Our school in South Africa seemed to get this better than anything I’ve seen in the United States. Kids get to play much longer in their Junior Prep years before having to learn how to read and write. They have shorter school days with less homework, giving them more time to play after school. They get more breaks between classes, and during those breaks they’re mostly left alone so they can play whatever games they come up with – including the ones where stray soccer balls hit errant heads, where bones are broken during falls off the monkey bars, or where a student might hammer a nail through her thumb while building a soap box car.
2. Kids thrive on balance
You often hear the story about the star baseball pitcher who was a prodigy as a high school freshman and by junior year was done, either because he had to have elbow surgery or because he was burned out. When it comes to after-school activities, I find the American system imbalanced: Your daughter plays the flute and lacrosse, and she would like to be both in the band and on the lacrosse team. But the teachers are constantly at each other’s throats fighting over whose practice and games and performances she should go to, making her life miserable in the process and ultimately forcing her to choose. Why?
I suggest they look at South African schools as a role model of how to share the talent all around. In South Africa, our kids swam, ran races, played soccer, field hockey, netball, rugby, and softball, practiced public speaking, debated in debates, and played instruments in the orchestra and sang in the choir. They also left to go on week-long retreats at least once a year. It all fit together perfectly, one sport or activity after another according to season. And during our weekly assemblies, the school came together to celebrate everyone’s accomplishment in each field, without envy or self-interest. The rugby coach would stand on the stage together with the orchestra director and both would display their incredible talent at singing. No one put down another. It was an amazing display of collaboration in pursuit of one common goal: Making good people out of these students, and having a lot of fun while doing it.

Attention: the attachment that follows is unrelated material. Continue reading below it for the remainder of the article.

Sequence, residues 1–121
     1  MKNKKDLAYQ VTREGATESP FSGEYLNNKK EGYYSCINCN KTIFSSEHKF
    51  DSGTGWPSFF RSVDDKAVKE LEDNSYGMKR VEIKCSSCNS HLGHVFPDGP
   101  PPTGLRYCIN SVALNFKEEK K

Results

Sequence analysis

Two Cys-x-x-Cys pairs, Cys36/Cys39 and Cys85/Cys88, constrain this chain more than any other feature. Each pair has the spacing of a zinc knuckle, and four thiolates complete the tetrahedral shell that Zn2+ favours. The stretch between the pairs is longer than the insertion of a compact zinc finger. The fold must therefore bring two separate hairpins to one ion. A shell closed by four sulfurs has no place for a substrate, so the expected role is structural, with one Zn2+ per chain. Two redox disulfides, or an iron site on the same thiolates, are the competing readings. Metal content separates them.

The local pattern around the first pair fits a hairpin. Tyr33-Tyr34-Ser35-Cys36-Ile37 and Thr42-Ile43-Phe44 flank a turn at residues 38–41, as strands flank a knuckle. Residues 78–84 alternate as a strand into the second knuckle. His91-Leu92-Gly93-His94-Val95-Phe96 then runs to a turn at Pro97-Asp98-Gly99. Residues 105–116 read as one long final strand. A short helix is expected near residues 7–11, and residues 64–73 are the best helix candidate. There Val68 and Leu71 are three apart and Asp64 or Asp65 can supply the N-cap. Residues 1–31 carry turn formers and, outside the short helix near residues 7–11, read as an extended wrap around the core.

3. Kids can turn it on when it’s needed
To this day, I can hear my French teacher telling me that one day I’d land in the gutter, whatever that meant. This was because I was a natural at French, and I was bored. So I did what all teenagers do so well: I dragged my feet at everything and I had an attitude. I got by with the bare minimum because I knew I could turn it up when it was needed, and high school simply didn’t pass the bar.
Fast-forward 30 years with my son playing League of Legends in his room non-stop for 5 hours day after day, without so much as opening his homework. I can’t keep from nagging him because I fear that if he doesn’t learn how to work in high school, he won’t turn the corner in college where it matters. But evidence suggests otherwise. So far he’s doing just fine in his freshman year of mechanical engineering, just like I haven’t – so far – ended up in the gutter.